Update: Nicaragua & Cuba - Reports on Current Developments
Join us Tuesday, August 3rd for the event "Update: Nicaragua & Cuba - Reports on Current Developments."
Dr. Mark Ungar is a Professor of political science at Brooklyn College and of the Criminal Justice Doctoral Program and the Liberal Arts Master’s Program of the CUNY Graduate Center. He has just returned from Nicaragua where he has been working on plans for police and military reform. His research interests include Latin America, security and judicial reform, violence, human rights, international and comparative criminology. His publications include five books and over 40 articles on police reform, citizen security, human rights, and violence. He serves as an advisor on citizen security with the United Nations, Inter-American Development Bank, governments, and NGOs in Latin America and is a commissioner at the International Network for Environmental Compliance and Enforcement (INECE). Current initiatives include helping draft arms control regulations with the Congress of Honduras; crafting post-transition police reform with political oppositions in Venezuela and Nicaragua; and helping expand environmental policing in the Amazon Basin. He has received grants and fellowships from the Ford, Tinker, Henkel, and Tow Foundations; the Woodrow Wilson International Center, and the National Democratic Institute’s Latin American Political Leadership program. His publications include The 21 st Century Fight for the Amazon: Environmental Enforcement in the World’s Biggest Rainforest; Sustaining Human Rights in the Twenty-First Century: Strategies from Latin America (with Katherine Hite); Policing Democracy: Overcoming Obstacles to Citizen Security in Latin America. He received his doctorate from Columbia University.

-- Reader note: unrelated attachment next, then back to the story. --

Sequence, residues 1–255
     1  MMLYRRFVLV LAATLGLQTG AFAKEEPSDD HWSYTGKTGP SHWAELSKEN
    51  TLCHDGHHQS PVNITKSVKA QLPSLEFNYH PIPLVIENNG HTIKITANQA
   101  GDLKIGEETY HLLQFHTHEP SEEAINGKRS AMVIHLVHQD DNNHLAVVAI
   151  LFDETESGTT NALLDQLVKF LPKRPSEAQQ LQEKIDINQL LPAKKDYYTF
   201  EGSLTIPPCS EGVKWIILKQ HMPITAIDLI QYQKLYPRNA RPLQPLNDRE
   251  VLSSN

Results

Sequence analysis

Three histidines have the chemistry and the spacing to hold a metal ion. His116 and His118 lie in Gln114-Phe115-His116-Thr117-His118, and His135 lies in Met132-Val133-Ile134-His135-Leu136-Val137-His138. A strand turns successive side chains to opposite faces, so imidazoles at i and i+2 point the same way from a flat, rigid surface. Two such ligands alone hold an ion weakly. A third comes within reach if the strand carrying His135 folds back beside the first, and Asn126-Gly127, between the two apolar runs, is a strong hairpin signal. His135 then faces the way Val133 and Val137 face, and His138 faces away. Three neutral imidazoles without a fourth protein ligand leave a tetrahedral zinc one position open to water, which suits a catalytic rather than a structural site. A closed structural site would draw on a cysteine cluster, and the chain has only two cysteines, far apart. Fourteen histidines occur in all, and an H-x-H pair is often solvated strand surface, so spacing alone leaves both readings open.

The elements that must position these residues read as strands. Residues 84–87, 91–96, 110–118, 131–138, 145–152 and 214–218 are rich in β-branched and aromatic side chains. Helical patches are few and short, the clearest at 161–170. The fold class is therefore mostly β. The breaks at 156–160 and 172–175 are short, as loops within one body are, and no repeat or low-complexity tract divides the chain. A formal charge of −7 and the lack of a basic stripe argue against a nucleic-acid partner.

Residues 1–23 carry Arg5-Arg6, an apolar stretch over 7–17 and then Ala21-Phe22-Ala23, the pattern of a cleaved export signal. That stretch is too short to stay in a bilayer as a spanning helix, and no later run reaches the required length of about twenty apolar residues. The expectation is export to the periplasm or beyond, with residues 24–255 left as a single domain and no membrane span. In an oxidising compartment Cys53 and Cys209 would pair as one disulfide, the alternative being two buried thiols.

Dr. Jo-Marie Burt is an associate professor of political science and Latin American Studies at the Schar School of Policy and Government at George Mason University. At Mason, she has served as Director of Latin American Studies, Co-Director of the Center for Global Studies, and Associate Chair for Undergraduate Studies. She is an affiliate faculty in Global Affairs, Latin American Studies, Conflict Analysis and Resolution, and Women and Gender Studies. Dr. Burt is also a Senior Fellow at the Washington Office on Latin America (WOLA), a leading human rights research and advocacy organization. Dr. Burt has published widely on political violence, state-society relations, human rights and transitional justice in Latin America. Her early research focused on state and insurgent violence in Peru, and civil society responses to violence and violent actors. This was the subject of her 2007 book, Silencing Civil Society: Political Violence and the Authoritarian State in Peru (Palgrave), which received an Honorable Mention for the WOLA-Duke Book Award for Human Rights in Latin America, and which was published in Spanish as Violencia y Autoritarismo en el Perú: Bajo la sombra de Sendero y la dictadura de Fujimori (Instituto de Estudios Peruanos, 2009; 2nd expanded edition, 2011). She is also co-editor of Politics in the Andes: Identity, Conflict, Reform (University of Pittsburgh Press, 2004).